The Directory failed to restore quiet; in the reaction which followed Robespierre's death, the Reign of Terror continued, the Republicans becoming this time its principal victims; they were massacred in the South, at Toulon, Marseilles, Aix, and Lyons; armed bands scoured the country, plundering, murdering, and setting fire everywhere. In Paris the mob broke into the National Convention and killed Deputy Ferrand, whose head they placed on a pole and presented to Boissy d'Anglas, the president of the Assembly. On the 13th of Vendémiaire, year III (October 4, 1795), the troops of General Bonaparte had to subdue the riots of the royalists at the mouth of the cannon.
When the Directory was established (October 25, 1795) the situation was not a very promising one; the people were on the brink of starvation and the treasury was entirely depleted. "The Generals did not even receive every month the eight francs in metallic money to which amount their pay had been reduced besides the assignats." Measures of extraordinary severity had to be taken to maintain order; and numerous conspiracies were being plotted. Babeuf and the Jacobins were guillotined. The army interfered in political affairs; the soldiers surrounded the Council of the Five Hundred and that of the Ancients, whose royalist members were arrested. Two members of the Directory, Carnot and Barthélemy, were deported. Barras's corruption, the bad morals of the time, and the general state of insecurity increased the discontent of the people. The nation was at the disposal of the first daring man possessed of sufficient energy and courage to undertake its salvation. General Bonaparte, who had just arrived from Egypt, constituted himself the savior of France. As soon as he had been appointed Commander-in-Chief of the Army of Paris (November 9, 1799) he caused the Council of the Five Hundred to be invaded by his soldiers; the Deputies were forcibly dragged from their seats. This high-handed proceeding met with the approval of the people; and in the evening of Brumaire the 19th the Council of the Ancients and what was left of the Council of the Five Hundred passed a resolution abolishing the Directory.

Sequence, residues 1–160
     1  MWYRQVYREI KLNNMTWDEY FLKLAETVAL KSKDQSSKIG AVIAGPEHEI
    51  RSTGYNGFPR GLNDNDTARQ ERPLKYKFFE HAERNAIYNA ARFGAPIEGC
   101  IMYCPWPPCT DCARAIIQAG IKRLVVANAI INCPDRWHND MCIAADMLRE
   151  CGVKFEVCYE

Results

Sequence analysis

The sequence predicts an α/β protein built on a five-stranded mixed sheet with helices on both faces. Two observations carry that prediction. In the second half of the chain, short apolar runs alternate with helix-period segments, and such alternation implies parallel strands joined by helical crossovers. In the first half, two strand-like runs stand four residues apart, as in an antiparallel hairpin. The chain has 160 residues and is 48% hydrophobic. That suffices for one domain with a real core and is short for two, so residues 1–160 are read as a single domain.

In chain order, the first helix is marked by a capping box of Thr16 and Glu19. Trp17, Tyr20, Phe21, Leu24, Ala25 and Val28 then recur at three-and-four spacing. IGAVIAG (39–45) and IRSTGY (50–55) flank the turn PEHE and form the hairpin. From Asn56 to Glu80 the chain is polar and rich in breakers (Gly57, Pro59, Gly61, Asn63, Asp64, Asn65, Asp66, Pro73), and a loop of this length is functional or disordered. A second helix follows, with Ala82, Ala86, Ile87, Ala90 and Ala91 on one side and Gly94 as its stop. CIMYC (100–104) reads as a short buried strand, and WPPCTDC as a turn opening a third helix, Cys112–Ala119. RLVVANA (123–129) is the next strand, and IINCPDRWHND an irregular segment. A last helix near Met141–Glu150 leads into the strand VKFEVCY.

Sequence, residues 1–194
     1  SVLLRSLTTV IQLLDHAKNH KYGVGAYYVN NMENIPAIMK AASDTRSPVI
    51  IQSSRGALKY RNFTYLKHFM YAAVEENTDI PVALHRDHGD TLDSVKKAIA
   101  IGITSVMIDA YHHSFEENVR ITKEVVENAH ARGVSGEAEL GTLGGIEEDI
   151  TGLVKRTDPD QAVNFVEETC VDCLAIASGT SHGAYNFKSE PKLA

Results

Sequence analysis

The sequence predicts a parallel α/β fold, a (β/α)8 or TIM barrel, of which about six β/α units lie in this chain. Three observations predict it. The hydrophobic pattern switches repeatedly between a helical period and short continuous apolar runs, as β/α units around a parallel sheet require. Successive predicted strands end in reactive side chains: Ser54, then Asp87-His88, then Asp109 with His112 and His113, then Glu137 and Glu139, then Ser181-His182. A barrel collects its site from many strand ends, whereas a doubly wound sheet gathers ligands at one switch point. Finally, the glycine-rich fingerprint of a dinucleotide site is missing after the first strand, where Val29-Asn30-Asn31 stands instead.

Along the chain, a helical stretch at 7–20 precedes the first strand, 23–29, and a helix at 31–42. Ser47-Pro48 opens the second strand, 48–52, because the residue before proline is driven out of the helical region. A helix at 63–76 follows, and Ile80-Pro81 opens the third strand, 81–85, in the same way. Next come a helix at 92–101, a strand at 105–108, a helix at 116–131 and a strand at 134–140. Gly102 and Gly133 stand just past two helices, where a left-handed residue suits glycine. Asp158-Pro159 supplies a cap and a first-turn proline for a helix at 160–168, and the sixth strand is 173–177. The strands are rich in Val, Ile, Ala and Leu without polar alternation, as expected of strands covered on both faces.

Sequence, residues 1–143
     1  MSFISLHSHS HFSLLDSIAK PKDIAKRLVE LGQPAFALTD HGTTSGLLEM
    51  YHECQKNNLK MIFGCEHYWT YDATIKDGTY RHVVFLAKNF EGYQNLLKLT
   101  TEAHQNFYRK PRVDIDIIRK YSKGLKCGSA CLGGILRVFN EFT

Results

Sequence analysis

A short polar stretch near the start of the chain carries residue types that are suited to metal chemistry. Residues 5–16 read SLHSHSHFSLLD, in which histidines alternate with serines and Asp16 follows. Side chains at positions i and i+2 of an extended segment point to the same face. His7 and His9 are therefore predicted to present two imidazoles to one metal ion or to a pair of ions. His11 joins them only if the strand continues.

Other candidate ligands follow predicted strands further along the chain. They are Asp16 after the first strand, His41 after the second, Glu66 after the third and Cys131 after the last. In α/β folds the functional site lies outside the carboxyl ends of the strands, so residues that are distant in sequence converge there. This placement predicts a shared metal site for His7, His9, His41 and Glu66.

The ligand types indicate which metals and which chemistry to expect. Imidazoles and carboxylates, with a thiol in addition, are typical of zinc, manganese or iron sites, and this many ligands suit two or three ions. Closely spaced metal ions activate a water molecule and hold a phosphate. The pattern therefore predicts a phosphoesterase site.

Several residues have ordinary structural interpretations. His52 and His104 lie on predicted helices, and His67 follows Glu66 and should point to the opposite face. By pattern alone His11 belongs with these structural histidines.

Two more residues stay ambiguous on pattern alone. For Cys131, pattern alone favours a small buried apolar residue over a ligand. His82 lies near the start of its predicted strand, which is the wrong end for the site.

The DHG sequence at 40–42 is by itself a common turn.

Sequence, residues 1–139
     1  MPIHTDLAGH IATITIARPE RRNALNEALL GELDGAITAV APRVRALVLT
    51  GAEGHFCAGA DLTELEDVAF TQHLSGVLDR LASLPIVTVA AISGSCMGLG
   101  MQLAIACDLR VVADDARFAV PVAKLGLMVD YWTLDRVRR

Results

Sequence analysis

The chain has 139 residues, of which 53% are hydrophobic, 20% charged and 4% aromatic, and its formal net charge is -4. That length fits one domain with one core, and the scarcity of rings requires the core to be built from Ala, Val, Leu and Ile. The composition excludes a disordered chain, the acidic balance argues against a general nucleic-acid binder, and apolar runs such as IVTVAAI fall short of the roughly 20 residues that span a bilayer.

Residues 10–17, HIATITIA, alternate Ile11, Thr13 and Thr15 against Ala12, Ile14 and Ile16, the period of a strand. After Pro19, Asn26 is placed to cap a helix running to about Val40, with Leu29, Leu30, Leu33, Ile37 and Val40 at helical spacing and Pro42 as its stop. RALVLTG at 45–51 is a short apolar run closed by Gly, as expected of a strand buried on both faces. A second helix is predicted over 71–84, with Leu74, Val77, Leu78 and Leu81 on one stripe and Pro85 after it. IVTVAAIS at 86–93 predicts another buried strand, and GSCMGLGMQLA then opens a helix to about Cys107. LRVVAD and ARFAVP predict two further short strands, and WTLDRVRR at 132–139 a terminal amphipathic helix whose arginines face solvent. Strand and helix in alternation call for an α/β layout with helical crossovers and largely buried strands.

The new government which was organized consisted of three provisional Consuls: Bonaparte, Siéyès, and Roger-Ducos. The Constitution of the year VIII (1800) afterward decided that the three Consuls should remain in office for ten years; Bonaparte, Cambacérès, and Lebrun being appointed. The first Consul had all the powers of a king; his two colleagues being there only to give advice.
In spite of the absolute power vested in him, Bonaparte's ambition was to obtain still more unlimited authority. In virtue therefore of the services he had rendered France and of the prestige he had acquired by his victories, he caused himself to be appointed Consul for life on the 4th of August, 1802, with the right of selecting his successor. In this way the authority became once more vested in one man, and the semblance of republican government which still obtained was before long abolished. On the 18th of May, 1804, a Senatus-Consultum established the Empire. The Constitution which was enacted (year XII) tried to save appearances by stating that the "government of the Republic was intrusted to an Emperor"; but Napoleon's will became supreme and knew no restraint. For more than ten years France was in a state of constant warfare with Europe.